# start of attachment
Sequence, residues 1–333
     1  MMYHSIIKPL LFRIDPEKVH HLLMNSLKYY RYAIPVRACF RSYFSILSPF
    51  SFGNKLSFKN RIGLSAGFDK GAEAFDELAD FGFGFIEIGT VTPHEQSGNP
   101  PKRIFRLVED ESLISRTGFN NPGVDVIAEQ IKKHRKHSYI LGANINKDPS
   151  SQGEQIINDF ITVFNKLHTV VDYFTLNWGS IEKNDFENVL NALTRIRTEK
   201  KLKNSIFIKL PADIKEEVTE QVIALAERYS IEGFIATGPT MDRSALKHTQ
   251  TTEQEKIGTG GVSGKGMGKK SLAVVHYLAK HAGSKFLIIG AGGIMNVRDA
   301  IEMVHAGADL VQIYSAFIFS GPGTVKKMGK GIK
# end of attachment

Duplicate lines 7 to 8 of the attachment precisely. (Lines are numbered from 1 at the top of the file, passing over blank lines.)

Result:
   251  TTEQEKIGTG GVSGKGMGKK SLAVVHYLAK HAGSKFLIIG AGGIMNVRDA
   301  IEMVHAGADL VQIYSAFIFS GPGTVKKMGK GIK